LONDON — George S. Kaufman famously said of the American appetite for topical humor, “Satire is what closes on Saturday night.”
That dire pronouncement certainly doesn’t apply to today’s U.K. entertainment scene, where satire is generating big B.O. and TV ratings.
In late January, the No. 1 film in the U.K. was the determinedly non-P.C., liberal-lampooning satirical puppet pic “Team America,” which failed to catch much fire with U.S. critics or film fans.
In the U.K., however, it was a hit with the public, and a poll of U.K. critics gave it a higher ranking than Oscar contenders “Million Dollar Baby” and “Closer.”
Typical of the U.K. response was this rave from critic Peter Bradshaw, writing in the reliably liberal and avowedly anti-Bush Guardian: “Silly and infantile it may be — but ‘Team America’ is defiantly funny, tweaking the nose of the polite classes with its mad iconoclasm. Why can’t non-puppet films be as good as this?”
Another example of the U.S./Brit gulf in comic sensibilities may be amply illustrated by the recent dustup between Brit topical comic Sacha Baron Cohen (aka Ali G) and American comedy director Todd Phillips.
Cohen’s mockumentary persona Borat was headed for the bigscreen with Phillips helming. But upon closer examination of Cohen’s Borat routines — such as one that involves getting rednecks in an American bar to sing along with an anti-Semitic ditty and another that saw him nearly incite a riot at a rodeo with inflammatory remarks about the Iraq war — Phillips ankled the project.
In the U.K., Borat/Cohen/Ali remains a major media star because of, not despite, his rude and non-P.C. antics.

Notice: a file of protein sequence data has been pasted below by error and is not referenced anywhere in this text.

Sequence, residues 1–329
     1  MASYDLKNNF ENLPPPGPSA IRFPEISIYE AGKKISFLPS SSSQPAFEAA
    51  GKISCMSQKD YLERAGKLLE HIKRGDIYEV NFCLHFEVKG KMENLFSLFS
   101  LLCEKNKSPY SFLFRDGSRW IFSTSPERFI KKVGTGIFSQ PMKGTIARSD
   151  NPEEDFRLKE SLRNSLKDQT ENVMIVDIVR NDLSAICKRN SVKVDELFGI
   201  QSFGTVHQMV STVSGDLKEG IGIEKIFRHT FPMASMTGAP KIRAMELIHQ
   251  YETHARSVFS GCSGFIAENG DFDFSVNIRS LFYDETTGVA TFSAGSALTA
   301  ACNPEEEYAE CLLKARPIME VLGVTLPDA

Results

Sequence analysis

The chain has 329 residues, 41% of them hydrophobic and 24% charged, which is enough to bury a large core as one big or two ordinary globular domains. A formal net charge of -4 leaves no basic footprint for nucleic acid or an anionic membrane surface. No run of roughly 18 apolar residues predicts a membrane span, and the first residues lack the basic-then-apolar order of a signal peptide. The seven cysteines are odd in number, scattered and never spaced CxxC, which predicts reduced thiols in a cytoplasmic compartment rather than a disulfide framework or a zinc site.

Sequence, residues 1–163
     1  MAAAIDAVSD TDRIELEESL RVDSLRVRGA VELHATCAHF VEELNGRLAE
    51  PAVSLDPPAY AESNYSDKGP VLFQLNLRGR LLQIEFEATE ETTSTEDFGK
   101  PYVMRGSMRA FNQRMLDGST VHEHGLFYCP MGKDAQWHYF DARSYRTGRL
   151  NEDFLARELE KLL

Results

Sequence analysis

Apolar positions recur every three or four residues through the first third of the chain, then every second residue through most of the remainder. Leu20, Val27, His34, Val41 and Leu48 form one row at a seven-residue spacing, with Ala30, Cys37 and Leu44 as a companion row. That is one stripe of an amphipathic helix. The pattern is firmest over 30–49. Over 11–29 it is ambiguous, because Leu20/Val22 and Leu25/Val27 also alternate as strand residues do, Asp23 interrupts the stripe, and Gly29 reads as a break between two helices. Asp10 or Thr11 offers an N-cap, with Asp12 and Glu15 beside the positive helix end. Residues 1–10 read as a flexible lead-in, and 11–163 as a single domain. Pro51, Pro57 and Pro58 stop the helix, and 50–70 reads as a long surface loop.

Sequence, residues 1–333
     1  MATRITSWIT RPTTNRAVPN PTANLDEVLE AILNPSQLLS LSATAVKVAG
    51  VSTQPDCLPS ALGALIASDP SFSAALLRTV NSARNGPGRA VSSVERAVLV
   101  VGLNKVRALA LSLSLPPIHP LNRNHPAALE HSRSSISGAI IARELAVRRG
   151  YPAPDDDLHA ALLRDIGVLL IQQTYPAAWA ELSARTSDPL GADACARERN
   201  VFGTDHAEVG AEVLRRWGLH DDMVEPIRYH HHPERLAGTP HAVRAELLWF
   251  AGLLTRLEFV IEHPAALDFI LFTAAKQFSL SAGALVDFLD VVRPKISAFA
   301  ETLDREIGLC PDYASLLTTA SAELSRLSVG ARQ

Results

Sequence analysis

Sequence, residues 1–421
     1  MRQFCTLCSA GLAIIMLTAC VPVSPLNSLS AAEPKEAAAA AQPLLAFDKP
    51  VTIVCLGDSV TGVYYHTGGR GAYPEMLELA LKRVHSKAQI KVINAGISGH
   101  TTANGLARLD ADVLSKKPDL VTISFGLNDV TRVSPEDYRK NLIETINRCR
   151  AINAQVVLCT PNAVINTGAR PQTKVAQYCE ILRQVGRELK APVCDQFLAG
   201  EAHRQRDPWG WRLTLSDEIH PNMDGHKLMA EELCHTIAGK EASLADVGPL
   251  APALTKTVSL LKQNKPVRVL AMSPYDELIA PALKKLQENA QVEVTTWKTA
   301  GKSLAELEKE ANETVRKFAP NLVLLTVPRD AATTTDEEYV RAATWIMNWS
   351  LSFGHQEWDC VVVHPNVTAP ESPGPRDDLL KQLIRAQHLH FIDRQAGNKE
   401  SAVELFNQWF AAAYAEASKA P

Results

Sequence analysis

Outside the confines of cable outlets and latenight gabfests, topical humor isn’t exactly whizzing off the shelves of primetime television in America.
The satire gap is vividly illustrated by the remarks of “Desperate Housewives” creator Marc Cherry at the Golden Globes. He noted it was only after he stopped pitching the show as a satire and instead sold it as a soap opera that he found a TV home for the skein — which is in fact mild satire of only the safest and tamest nature.
In the U.K., by contrast, the whole nation has embraced a scabrous satirical BBC sketch show called “Little Britain,” which mercilessly skewers everyone from racist society ladies prone to projectile vomiting when in the presence of minorities to handicapped citizens keen tormenting their caretakers.
The show took top honors at the recent Brit Comedy kudos and this week’s issue of lad magazine Nuts reports “The Simpsons” creator Matt Groening is such a fan that he hopes to slip some of the show’s many outrageous characters into a future episode of his show.
The folks in the U.K can’t wait for that episode. Let’s hope the folks at the U.S. network can.